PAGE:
And Dell Technologies predicts that 85 percent of the jobs that will exist in 2030 haven't even been invented yet. How can the slow-evolving institutions that Summers refers to effectively prepare Generation Z?
The question Generation Z is left asking is: How will a four-year degree sustain me for my 100+ year career in a high-flux world? Generation Z will have to be committed to continuous learning and will look to their future employers to deliver the just-in-time learning they need and crave.
4. Educating is Going Corporate
Generation Z is seriously considering forgoing a traditional college education to go work for a company that provides college-like training. And companies are preparing to pivot.
Jenn Prevoznik, the Global Head of Early Talent Acquisition at SAP, recently shared in an interview I had with her, that she is "all for" Generation Z skipping college to come work for SAP because what really matters are their skills not necessarily their degree. In Germany and Bangalore, SAP brings university education to their employees. On the weekends, professors come to SAP buildings and teach full-time employees. (Read this to learn how SAP plans to recruit 7,000 Generation Z employees.)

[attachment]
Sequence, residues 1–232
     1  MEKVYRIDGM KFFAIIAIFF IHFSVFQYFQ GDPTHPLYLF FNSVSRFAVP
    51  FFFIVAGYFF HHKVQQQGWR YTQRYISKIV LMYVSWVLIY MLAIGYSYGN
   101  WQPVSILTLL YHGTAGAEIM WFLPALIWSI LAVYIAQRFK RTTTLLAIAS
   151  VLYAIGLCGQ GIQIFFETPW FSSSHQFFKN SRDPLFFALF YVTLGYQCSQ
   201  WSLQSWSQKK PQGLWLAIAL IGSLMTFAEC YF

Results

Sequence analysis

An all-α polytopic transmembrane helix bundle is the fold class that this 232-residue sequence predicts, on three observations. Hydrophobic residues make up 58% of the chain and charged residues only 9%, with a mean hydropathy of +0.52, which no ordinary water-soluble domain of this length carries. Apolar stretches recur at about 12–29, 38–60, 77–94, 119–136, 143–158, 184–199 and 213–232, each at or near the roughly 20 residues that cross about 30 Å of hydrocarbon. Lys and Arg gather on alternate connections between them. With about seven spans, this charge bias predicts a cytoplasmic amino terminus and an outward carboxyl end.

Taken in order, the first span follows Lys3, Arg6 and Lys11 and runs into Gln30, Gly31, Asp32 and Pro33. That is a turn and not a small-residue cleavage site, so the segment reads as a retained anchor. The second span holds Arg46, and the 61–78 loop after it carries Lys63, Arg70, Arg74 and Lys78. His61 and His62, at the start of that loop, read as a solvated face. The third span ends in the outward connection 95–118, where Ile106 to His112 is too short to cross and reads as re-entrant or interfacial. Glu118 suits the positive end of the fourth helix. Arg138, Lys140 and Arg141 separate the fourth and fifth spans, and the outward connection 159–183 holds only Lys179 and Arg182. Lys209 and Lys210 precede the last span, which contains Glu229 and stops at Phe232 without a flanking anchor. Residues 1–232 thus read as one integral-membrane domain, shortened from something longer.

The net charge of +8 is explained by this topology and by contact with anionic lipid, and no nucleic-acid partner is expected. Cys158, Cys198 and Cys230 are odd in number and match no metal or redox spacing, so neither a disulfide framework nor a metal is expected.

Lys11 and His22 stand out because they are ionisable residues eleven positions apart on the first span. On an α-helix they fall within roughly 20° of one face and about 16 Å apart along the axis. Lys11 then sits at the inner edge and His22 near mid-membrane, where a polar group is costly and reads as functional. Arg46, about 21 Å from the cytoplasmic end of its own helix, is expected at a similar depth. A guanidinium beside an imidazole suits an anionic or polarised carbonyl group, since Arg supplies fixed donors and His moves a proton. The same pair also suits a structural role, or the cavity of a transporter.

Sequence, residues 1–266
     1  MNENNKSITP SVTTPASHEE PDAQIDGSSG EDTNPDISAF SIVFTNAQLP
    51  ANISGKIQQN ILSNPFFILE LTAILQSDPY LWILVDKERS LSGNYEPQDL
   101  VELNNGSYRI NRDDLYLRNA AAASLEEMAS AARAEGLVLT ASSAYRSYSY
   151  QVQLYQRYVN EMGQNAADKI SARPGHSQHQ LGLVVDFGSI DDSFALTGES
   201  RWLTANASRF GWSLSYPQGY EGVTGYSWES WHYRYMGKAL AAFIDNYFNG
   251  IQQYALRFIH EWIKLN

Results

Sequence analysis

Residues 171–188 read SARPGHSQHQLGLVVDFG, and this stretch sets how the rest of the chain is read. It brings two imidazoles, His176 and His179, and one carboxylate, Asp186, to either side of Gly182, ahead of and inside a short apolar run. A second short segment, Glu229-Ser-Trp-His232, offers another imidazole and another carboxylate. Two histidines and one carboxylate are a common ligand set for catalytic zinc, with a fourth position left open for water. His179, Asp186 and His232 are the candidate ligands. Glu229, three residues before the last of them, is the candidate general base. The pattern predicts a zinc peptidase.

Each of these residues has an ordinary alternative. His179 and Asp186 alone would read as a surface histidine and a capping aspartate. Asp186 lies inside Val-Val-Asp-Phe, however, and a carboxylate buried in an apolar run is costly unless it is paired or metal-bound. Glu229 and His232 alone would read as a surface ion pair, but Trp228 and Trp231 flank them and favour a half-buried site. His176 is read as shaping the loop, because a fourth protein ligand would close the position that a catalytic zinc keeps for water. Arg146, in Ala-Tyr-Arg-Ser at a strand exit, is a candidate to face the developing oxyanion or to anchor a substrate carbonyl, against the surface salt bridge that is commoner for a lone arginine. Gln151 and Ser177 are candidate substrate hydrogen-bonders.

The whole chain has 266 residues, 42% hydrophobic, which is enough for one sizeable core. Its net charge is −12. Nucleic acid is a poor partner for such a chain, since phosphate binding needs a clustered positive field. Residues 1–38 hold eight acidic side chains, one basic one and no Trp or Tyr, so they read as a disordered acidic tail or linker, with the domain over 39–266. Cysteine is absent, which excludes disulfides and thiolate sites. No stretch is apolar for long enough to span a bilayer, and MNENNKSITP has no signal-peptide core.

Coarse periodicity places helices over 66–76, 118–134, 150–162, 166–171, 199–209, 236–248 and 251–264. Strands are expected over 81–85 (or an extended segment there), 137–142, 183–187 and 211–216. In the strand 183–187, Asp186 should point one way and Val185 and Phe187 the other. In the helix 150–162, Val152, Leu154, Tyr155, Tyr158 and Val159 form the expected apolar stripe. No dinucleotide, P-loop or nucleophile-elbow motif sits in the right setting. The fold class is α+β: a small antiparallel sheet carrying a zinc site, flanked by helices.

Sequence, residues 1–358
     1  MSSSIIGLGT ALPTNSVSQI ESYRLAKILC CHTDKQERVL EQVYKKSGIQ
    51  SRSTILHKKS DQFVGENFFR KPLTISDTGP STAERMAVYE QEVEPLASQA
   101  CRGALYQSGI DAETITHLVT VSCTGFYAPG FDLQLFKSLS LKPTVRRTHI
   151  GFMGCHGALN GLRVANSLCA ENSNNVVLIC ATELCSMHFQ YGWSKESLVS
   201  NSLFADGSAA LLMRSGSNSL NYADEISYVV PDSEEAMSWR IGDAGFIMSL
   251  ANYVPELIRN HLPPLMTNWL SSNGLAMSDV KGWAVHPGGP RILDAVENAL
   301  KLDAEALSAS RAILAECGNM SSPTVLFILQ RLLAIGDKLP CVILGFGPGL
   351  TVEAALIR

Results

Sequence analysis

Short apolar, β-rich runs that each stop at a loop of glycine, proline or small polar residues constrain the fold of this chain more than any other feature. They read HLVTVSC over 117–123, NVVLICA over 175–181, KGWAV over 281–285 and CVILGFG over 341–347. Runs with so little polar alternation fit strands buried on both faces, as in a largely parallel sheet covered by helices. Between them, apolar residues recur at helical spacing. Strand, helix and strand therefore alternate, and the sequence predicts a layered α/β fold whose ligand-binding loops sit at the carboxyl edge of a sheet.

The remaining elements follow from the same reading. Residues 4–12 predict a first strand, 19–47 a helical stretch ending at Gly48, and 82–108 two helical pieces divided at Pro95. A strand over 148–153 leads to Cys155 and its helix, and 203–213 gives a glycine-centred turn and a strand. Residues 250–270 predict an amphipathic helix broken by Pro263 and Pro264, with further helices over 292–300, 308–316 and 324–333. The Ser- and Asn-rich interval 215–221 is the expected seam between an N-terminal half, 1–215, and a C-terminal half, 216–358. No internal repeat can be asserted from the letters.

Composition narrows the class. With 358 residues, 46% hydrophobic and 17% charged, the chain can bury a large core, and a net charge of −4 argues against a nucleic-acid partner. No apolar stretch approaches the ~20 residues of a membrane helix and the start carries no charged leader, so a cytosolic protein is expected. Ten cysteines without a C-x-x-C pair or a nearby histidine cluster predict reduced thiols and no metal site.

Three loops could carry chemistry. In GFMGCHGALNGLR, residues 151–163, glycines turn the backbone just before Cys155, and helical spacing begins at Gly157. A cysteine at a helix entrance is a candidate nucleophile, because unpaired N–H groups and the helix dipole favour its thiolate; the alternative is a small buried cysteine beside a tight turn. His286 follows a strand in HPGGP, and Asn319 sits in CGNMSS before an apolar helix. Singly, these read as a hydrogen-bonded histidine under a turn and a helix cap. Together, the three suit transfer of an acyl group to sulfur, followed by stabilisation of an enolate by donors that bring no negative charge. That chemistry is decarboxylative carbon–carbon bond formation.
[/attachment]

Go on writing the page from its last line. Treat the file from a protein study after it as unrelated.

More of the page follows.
"On college campuses, something unusual is happening: [Generation Z] students are asking corporate recruiters whether companies will help them get new skills as jobs shift," says James Manyika, Chairman and Director of the McKinsey Global Institute. With Generation Z in mind, companies like AT&T and Walmart are making job retraining a high priority. (Read this to learn how to effectively train the next generation in the workplace.)
5. Shifting Priorities for Parents
Baby Boomers viewed education as a dream, Generation X as a differentiator, Millennials as a cultural norm, and Generation Z as for law and medical students only. Because Baby Boomers held education in such a high regard, they instilled the belief and need to attend college into their Millennial children.
Many argue that the only reason college remains relevant today is due to societal and peer pressure. In the minds of many Baby Boomers and Generation X parents, you failed as a parent if your child didn't go to college.